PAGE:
LETTERS - March 10
ISSUE | GARDEN STATE Pollution legacy In the 1940s, my boyhood trips to my grandfather's farm in the Pine Barrens meant holding my breath from Newark to Bordentown because of the stench. North Jersey was a chemical cesspool and remains one to this day ("N.J. settles for millions, not billions," March 6). It will continue to be one unless irresponsible politicians do something about the problem.
ISSUE | GARDEN STATE
In the 1940s, my boyhood trips to my grandfather's farm in the Pine Barrens meant holding my breath from Newark to Bordentown because of the stench. North Jersey was a chemical cesspool and remains one to this day ("N.J. settles for millions, not billions," March 6). It will continue to be one unless irresponsible politicians do something about the problem.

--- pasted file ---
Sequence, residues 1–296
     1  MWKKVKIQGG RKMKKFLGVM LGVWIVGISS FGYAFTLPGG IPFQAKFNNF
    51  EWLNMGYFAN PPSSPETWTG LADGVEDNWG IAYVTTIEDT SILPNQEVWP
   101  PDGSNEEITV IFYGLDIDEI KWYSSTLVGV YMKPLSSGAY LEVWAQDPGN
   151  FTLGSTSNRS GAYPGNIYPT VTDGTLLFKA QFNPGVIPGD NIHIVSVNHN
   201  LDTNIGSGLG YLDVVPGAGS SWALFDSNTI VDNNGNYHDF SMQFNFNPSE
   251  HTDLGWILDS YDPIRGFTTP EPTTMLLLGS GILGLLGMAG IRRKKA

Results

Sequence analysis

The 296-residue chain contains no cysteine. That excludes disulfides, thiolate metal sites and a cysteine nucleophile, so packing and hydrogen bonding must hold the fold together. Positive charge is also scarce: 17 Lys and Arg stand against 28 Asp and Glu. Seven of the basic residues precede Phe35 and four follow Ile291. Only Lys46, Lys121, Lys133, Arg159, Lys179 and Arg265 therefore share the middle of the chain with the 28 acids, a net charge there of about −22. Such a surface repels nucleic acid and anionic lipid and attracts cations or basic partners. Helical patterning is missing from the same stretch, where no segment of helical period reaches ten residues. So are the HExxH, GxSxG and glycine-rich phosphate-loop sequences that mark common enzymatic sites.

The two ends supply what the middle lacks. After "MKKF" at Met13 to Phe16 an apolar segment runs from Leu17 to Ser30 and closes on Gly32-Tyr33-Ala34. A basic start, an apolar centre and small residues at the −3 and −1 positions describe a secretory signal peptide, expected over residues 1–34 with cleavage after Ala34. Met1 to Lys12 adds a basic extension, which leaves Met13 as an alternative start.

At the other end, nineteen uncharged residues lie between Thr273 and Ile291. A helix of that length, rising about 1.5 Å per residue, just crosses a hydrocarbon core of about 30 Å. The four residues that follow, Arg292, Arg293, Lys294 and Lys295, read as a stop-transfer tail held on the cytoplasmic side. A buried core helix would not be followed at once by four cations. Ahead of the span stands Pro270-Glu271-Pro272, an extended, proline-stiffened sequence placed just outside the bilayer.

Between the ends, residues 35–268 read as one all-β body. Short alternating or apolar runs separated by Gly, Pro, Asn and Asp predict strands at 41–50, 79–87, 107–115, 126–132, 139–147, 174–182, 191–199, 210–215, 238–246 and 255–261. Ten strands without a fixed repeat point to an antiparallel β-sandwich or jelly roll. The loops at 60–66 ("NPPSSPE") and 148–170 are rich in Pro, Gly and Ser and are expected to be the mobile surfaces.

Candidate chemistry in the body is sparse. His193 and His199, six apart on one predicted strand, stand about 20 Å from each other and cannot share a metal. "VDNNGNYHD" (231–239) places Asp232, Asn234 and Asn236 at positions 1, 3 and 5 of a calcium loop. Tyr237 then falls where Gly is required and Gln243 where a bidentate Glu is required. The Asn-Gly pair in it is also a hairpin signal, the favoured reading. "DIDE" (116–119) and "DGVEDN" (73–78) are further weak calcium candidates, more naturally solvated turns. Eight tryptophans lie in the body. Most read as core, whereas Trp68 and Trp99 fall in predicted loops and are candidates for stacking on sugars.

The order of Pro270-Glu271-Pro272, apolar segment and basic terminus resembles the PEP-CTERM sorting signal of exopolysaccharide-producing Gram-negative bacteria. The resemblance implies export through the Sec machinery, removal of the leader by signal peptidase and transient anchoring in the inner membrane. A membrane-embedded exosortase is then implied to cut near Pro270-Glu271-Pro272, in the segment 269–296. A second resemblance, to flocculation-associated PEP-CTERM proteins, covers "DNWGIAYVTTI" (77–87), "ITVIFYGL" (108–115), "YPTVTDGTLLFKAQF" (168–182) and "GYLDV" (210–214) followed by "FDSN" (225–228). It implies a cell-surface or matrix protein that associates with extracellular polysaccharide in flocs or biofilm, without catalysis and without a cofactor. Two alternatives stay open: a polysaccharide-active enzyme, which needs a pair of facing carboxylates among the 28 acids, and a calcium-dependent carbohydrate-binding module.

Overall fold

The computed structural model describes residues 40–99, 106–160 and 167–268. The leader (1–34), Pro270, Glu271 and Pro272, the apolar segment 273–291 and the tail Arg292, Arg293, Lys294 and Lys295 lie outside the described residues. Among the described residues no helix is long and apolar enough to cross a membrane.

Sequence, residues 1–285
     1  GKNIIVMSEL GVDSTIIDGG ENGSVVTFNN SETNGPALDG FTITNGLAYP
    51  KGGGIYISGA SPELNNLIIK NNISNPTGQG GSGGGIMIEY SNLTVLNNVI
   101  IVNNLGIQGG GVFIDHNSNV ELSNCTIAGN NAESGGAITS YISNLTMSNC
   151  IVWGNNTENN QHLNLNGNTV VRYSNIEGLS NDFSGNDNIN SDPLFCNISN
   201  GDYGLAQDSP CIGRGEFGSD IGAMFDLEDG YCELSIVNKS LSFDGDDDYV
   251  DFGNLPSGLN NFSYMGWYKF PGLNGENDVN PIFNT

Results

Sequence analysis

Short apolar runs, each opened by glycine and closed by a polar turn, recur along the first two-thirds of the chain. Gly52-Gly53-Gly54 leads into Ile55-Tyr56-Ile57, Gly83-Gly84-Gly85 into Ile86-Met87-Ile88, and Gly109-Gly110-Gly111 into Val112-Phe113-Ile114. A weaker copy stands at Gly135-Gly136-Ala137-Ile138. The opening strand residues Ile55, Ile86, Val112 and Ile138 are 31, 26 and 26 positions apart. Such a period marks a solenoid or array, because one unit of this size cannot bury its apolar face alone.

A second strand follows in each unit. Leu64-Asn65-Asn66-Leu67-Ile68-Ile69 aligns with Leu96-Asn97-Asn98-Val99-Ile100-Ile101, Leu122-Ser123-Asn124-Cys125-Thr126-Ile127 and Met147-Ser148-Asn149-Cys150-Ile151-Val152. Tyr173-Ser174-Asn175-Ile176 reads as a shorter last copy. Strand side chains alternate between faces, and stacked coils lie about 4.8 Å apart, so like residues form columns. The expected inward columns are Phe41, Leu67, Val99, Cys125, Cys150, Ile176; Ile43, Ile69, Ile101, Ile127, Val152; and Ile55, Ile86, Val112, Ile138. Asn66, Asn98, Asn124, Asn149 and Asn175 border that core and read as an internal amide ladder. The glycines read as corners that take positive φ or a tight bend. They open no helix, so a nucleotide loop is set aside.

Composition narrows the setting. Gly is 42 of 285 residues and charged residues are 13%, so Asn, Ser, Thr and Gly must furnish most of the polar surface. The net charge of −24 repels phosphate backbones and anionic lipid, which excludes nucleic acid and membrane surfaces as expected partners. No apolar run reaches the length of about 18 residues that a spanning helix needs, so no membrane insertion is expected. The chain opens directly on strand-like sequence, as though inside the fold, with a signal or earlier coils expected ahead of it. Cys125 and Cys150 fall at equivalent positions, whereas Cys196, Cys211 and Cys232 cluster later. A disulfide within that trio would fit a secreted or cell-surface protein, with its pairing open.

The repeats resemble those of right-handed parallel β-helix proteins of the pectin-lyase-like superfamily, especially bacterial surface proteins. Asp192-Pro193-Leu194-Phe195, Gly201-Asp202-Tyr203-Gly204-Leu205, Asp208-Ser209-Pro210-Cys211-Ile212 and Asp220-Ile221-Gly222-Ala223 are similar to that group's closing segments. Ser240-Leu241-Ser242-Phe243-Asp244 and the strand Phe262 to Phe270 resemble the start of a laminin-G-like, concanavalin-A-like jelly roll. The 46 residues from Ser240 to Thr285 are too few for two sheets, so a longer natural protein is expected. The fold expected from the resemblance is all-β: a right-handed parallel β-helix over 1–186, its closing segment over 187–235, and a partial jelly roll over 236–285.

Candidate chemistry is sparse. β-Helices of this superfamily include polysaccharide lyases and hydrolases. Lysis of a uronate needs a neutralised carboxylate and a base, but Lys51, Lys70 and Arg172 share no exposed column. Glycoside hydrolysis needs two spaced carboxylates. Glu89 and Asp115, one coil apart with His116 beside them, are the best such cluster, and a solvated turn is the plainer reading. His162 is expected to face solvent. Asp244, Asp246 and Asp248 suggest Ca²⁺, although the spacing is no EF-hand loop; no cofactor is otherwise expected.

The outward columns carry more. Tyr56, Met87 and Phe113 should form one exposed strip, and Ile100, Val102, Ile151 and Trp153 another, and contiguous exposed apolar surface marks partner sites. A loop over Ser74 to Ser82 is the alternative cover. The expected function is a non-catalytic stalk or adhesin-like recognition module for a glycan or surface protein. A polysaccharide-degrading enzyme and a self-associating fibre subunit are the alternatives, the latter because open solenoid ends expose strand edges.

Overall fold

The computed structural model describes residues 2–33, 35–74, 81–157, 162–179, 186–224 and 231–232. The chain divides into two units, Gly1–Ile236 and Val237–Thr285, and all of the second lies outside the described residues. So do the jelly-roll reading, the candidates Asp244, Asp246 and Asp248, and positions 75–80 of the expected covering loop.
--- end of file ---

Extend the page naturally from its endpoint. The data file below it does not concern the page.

As President Obama said, each of us is part of the long story of human history, and we should try to get our paragraph right. Like climate blindness, eco-blindness is a paragraph sullied by poison and powered by greed. Let's try to correct that.
|John Brodsky, M.D., Swarthmore, email@example.com
ISSUE | POVERTY
Change the strategy
A recent Inquirer editorial mentioned that by investing 2 percent more of the federal budget in existing programs and policies, the nation could reduce child poverty by 60 percent ("Escaping poverty," March 2). You must be joking.
There has been a war on poverty for 50 years, and in that time we have spent $22 trillion, and the poverty rate hasn't budged. Neither a 2 percent nor a 100 percent increase would have any effect.
What we need is a different direction from the welfare state of mind that embraces and promotes single-motherhood to programs that would promote marriage and self-sufficiency.
|Patrick Carson, Norwood
ISSUE | TERRORISM